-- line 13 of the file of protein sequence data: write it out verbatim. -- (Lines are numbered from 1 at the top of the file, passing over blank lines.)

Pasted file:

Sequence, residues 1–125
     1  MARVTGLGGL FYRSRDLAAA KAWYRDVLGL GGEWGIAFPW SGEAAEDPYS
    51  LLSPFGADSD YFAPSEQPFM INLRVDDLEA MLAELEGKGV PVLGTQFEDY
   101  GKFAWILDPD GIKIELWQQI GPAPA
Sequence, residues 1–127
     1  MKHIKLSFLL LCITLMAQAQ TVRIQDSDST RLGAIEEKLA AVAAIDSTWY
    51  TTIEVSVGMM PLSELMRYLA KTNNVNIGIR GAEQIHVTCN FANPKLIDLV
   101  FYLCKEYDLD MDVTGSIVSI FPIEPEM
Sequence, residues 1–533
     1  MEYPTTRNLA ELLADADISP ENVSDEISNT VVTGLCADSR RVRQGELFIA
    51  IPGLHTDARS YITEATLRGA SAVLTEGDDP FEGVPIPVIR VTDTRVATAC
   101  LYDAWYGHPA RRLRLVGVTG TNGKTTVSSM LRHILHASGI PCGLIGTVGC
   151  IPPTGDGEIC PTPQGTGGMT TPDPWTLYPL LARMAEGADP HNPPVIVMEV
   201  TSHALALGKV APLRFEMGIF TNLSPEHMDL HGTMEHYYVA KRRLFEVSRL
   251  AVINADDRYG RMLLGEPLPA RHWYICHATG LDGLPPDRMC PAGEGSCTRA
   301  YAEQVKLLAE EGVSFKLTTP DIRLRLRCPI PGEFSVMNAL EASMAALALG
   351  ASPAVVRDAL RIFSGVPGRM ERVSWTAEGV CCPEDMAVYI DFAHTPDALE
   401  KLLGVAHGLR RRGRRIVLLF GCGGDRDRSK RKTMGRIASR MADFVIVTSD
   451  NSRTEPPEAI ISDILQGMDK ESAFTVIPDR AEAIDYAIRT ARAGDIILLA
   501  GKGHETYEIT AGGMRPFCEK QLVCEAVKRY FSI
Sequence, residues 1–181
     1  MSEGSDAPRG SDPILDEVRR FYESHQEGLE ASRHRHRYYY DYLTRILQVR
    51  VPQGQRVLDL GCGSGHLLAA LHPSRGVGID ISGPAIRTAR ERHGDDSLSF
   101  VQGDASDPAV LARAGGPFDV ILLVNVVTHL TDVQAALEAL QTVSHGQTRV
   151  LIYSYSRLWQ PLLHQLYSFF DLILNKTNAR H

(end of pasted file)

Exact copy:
   151  IPPTGDGEIC PTPQGTGGMT TPDPWTLYPL LARMAEGADP HNPPVIVMEV